Bear With Me

September 20th, 2016

Look deep into my eyes…

So why am I so drawn to – not quite obsessed by but neverthe-less strongly attracted to – bears? When I think about it, there is an ursine thread running through my life.

Of course: teddy bear. I had the cutest little brown one with a music box in its guts when I was little. It played a tinkly tinny lullaby. I must have played it a lot because I remember my brothers trying to eviscerate it. But I’m over it now. I swear!

OMG I just found it here:


How funny!

Another bear thread: In my early twenties, I came across the “Tao of Pooh” which I found pretty interesting and sparked a lifelong interest in Asian thought, culture, medicine, art, etc. And of course the book also had cute bears. And appealing art, you must admit. I should reread this…

Bears remained a fairly abstract concept for until I moved to New Hampshire. I mean, there just aren’t that many bears where I grew up in Brooklyn. [At least not back then — but now who knows? Don’t get me started on how unfair-it-is-that-Brooklyn-is-now-so-cool!]

An older bear painting from 2009. I actually love this one.

An older bear painting from 2009. I actually really love this one. It’s 12 x 12″

Bears became a mysterious presence in the woods that left behind surprisingly large amounts of ‘sign.’ For my grad school mammalogy class, we had to create our own scat collection. Bear was definitely the coolest one to have, outside of say, cougar. (Which no one ever sees because cats bury their feces! So immediately suspect.)

But I really wanted to see bear scat. It would be like passing a test – like the first bar of naturalist school. So I kind of willed a pile of could-be-bear-poop/could-not-be into the desired quarry and took it home. You had to dry out your specimens under the wood stove. So guess I how I found out it wasn’t bear scat, but dog? Yup. So gross.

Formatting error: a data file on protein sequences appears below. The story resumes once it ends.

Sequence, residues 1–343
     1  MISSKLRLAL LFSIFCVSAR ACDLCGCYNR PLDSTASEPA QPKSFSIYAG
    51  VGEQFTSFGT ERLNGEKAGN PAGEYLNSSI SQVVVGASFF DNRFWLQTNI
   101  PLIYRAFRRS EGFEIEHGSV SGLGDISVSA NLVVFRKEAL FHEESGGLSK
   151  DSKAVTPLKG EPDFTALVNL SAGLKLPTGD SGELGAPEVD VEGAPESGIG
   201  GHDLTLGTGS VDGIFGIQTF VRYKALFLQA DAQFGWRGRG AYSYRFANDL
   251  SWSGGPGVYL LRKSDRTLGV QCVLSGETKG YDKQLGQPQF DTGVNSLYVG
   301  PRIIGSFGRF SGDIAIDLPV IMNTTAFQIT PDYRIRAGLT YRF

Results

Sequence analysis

I was obsessed with this bear. I painted him several times, each one getting bigger. This one is closer to 36 x 24"

I was obsessed with this bear. I painted him several times, each one getting bigger. This one is closer to 36 x 24″

But I also learned more about what fascinating animals bears are – I mean, they can delay implantation of their fertilized embryos until they know what kind of year it will be, resource-wise. How cool is that?! Now that would be a good trick for humans. And you have to admit hyperphagia — the enormous drive to fatten up for winter — sounds so much better than ‘pigging out.’ And I learned that when bears den up for winter, pregnant females will give birth to a teeny walnut-sized cub. They sleep all cuddled up for a few months and then emerge together into the spring. By then the baby is basically a toddler. I might have considered having children if I could have done it that way!

Here he is again — now he's 60 x 40"!

Here he is again — now he’s 60 x 40″!

So by this point, I am really relating to bears. And I start painting them. I track down places where there are captive ones so I can study them. Then I am on a plane to Minnesota to hang out with black bears! And this wonderful, eccentric, passionate-for-bears-man named Dr. Lyn Rogers. I learned so much more about bears – how they probably weren’t predators in their evolution as they behave more like prey. How many myths and misconceptions there are about black bears. How terrible TV and movies have been for bears — making them seem so much more extreme than they are and therefore justifying their killing more easily. [OK I didn’t learn that last one in Minnesota – I figured that one out myself. But you have to wonder…]

But most of all, I got to SEE wild black bears up close. How they looked, how dense and beautiful their fur is, to look in their wild, soulful eyes. Innocence and guile and beauty and power and intense awareness and yes above all else hunger. (Well it was September – prime hyperphagia season.)

And then there’s the forest connection. My family’s annual summer vacations to the mountains planted a seed deep in my being: I love being in the woods. If I am not painting, I am probably roaming the woods. It is endlessly fascinating to me. If I could experience the woods through a bear’s body – that would be nirvana. I feel locked out of an entire level of knowing the woods by human senses.

I did this one after meeting a polar bear in Churchill. We connected.

So of course, seeing black bears made me want to see their opposite, white bears. Polar bears — now there’s a definite predator. And a being that definitely the epitome of beauty, power, and mystery that so enthralls me.

I’ve told that story here.

So next in my ursine trifecta is the other predator bear — grizzly! Another creature that also checks all the boxes: beauty, power, and mystery. Yes yes yes.

I’ll tell you that story in a future post. It’s getting deeper now.

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